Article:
Charles Ollivon admitted he breathed a huge sigh of relief when he saw Antoine Dupont win the crucial turnover in France’s Guinness Six Nations Round 2 win in Dublin.
Les Bleus looked to be on course for a comfortable win at the Aviva Stadium when Damian Penaud went over for their second try shortly before the hour to make it 15-3.
But a try from Ronan Kelleher and five points from the boot of Ross Byrne got Ireland right back in it, and they got the ball back for one final attack at the death.
Ireland went through the phases but the French defence forced them backwards and in the end it was Dupont who got in to steal the ball and seal the 15-13 win.
Ollivon, who had crossed in the first half for Les Bleus, said: “In the 80th minute it was hard in terms of keeping our heads but we didn’t give an inch once again. There was relief when I saw that we had got the ball back. We kept on with our tasks, we kept on with our tackles, we kept on with the collisions.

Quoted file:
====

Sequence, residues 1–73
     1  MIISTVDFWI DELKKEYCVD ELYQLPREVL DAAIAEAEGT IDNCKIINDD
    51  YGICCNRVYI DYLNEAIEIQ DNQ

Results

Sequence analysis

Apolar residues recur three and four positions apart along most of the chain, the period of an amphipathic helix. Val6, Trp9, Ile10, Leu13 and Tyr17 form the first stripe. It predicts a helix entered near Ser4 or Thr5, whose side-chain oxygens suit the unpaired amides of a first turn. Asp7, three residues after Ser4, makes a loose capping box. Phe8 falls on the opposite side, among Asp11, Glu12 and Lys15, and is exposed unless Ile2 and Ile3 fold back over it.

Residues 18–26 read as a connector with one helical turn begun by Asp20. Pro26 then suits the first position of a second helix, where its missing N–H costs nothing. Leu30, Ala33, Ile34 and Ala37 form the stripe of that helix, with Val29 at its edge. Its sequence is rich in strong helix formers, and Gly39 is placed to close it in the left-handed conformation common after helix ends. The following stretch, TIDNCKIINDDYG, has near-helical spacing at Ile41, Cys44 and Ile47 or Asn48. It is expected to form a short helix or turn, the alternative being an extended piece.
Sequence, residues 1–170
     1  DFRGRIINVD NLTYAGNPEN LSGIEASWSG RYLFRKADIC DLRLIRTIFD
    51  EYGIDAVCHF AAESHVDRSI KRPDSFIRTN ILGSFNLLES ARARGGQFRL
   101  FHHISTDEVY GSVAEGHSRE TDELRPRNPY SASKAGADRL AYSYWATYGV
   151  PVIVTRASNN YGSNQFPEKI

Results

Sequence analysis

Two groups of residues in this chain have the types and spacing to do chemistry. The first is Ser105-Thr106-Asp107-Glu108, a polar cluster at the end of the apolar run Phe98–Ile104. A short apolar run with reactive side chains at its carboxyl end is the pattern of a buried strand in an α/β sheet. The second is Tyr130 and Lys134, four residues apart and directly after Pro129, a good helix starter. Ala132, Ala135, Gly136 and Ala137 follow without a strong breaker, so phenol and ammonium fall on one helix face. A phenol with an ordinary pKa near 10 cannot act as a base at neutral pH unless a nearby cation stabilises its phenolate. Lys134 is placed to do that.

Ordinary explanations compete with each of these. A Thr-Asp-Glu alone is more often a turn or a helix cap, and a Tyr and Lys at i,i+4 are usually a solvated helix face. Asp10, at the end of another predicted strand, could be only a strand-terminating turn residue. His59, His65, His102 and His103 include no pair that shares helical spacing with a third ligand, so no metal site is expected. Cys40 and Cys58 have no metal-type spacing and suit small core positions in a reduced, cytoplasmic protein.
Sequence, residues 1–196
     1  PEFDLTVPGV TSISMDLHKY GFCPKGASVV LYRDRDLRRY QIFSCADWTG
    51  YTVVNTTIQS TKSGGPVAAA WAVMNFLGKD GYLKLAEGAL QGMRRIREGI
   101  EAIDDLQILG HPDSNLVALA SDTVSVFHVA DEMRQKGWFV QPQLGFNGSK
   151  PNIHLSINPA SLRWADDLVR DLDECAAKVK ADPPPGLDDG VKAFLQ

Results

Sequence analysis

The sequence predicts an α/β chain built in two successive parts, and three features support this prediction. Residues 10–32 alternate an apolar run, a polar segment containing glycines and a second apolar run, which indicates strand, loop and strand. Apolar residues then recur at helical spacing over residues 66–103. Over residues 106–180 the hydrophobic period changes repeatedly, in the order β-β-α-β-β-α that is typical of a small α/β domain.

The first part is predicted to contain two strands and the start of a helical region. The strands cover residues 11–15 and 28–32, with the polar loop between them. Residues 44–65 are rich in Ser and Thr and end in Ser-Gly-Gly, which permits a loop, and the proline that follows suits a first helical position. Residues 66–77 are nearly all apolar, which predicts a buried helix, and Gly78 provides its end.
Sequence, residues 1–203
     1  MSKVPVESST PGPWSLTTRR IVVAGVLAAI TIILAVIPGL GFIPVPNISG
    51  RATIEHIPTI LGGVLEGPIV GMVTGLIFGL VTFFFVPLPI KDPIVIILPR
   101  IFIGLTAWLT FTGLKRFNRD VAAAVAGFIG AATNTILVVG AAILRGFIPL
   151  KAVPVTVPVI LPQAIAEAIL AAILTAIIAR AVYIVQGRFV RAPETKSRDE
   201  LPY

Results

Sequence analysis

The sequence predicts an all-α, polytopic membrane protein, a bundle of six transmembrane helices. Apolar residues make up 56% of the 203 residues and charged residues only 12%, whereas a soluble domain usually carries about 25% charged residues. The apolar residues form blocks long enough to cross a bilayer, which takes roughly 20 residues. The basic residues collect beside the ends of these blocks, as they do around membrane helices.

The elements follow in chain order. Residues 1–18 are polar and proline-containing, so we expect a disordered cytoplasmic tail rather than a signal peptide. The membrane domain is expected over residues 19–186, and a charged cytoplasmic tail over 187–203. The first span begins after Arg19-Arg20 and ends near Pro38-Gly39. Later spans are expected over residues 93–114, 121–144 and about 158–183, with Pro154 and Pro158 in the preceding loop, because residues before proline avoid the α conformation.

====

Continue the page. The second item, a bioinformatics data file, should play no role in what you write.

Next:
“And of course, when the ball was kicked out there was a huge sigh of relief. Physically it was very tough, there were lots of big hits today and I thought we stood and were counted, so we’re very happy for everyone this evening.”
France had not won in Dublin for a decade, and looked nervy early on with their lineout struggling and Ireland piling on the pressure with their kicking game.
But the visitors defended well and took their chance when it came, Ollivon on hand to cross on the left after a wonderful break full of deft offloads down the right.
Penaud’s second-half score was also well-worked and for coach Fabien Galthié, there was a lot of emotion at the way the team had battled for the win.
He added: “In these matches there is always a lot of emotion, especially when it finishes positively. You relax a little and think about what is important, particularly our sport, our mindset to give the right energy to those watching on TV, those who love our sport in these circumstances. We try to give some sense to what we do and it’s true that we are moved.”